US-Taiwan Bilateral Trade Agreement Advances Economic and National Security Interests for Post-COVID Recovery

US-Taiwan Bilateral Trade Agreement Advances Economic and National Security Interests for Post-COVID Recovery

US-Taiwan Bilateral Trade Agreement Advances Economic and National Security Interests for Post-COVID Recovery

President Joseph Biden just wrapped up the first 30 days of his presidency and the new administration is rapidly setting out its foreign policy agenda. While the Biden administration has expressed that it will not negotiate any new trade deals before focusing on other domestic priorities like addressing the COVID-19 pandemic, there are compelling reasons why President Biden should make an exception and begin negotiating one with Taiwan. Support in Washington for a bilateral trade agreement (BTA) has significantly grown since August 2020 after Taiwan President Tsai Ing-wen (蔡英文) announced an end to restrictions on importing certain US beef and pork. Global conditions should pull the United States closer to negotiating a BTA with Taiwan as national security concerns and a post-COVID economic recovery take precedence. A US-Taiwan BTA would contribute to national security priorities while increasing investment, export opportunities, and meaningful employment for the United States. For the aforementioned reasons, the post-COVID economic recovery is the best time for Washington to begin trade negotiations with Taipei.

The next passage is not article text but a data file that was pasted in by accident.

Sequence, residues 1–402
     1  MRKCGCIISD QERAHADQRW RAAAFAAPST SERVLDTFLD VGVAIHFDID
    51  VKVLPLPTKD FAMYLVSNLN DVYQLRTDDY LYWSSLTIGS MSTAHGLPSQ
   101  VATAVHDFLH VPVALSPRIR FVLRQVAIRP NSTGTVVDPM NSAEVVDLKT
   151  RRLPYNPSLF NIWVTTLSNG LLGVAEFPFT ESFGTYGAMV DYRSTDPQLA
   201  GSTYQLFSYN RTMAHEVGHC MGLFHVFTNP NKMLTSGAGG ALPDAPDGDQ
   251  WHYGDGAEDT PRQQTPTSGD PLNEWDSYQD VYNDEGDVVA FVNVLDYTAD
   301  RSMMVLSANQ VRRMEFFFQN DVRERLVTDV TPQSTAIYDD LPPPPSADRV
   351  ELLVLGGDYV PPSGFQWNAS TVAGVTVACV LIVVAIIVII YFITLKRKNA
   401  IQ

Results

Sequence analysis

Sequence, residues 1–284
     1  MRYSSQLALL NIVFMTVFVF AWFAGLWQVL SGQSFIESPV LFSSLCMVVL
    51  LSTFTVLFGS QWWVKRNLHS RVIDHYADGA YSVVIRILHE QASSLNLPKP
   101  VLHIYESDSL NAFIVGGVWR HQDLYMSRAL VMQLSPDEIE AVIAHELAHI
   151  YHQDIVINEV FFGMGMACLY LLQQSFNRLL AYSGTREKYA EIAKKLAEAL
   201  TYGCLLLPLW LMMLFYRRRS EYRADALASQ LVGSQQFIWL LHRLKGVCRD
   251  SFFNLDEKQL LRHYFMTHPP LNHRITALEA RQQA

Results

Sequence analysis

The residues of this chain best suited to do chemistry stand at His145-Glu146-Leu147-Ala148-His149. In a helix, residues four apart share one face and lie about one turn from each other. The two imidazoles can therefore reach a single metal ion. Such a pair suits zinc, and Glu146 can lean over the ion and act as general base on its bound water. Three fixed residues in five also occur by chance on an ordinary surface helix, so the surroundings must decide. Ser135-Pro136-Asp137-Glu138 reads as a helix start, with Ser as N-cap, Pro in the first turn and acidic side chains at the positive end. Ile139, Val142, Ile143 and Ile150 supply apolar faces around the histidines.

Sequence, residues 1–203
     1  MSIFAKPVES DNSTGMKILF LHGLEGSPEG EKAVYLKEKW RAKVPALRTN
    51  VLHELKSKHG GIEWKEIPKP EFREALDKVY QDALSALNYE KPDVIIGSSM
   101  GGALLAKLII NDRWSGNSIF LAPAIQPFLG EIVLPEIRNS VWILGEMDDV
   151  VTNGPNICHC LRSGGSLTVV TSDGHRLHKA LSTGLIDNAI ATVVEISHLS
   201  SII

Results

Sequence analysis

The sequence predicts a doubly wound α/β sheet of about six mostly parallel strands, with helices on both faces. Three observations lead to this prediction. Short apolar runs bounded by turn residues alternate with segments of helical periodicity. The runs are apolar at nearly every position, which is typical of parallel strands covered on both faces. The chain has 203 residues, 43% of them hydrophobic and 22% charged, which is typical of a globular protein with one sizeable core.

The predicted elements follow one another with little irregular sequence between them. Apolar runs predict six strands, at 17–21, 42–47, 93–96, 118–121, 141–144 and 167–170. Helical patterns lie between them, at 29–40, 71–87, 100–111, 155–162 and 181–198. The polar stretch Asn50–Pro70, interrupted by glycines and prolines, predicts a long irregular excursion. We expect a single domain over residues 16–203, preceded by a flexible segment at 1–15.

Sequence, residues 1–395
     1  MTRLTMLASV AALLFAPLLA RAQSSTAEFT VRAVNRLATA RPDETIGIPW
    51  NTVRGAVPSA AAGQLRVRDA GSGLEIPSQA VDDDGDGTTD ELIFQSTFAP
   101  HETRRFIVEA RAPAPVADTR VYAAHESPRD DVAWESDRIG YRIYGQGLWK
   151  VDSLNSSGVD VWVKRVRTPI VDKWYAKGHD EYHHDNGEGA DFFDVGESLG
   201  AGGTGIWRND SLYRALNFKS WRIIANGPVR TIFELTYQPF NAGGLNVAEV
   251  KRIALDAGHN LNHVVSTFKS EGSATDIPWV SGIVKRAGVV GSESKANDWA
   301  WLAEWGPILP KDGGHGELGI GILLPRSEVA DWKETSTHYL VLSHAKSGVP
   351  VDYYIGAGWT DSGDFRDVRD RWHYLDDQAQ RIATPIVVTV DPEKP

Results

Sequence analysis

US National Security

Tensions in the South China Sea—and more broadly with China—underscore the security imperative for a US-Taiwan bilateral trade agreement. A top US national security goal is to maintain a Free and Open Indo-Pacific. A key part of this strategy is to counter China’s use of unfair trading practices and economic leverage to coerce nations and to prevent China from wielding outsized economic and political influence around the world. A bilateral trade agreement with Taiwan would help to build a network of like-minded governments and signal to the world that Taiwan is a viable trading partner without rejecting the United States’ “One-China Policy.”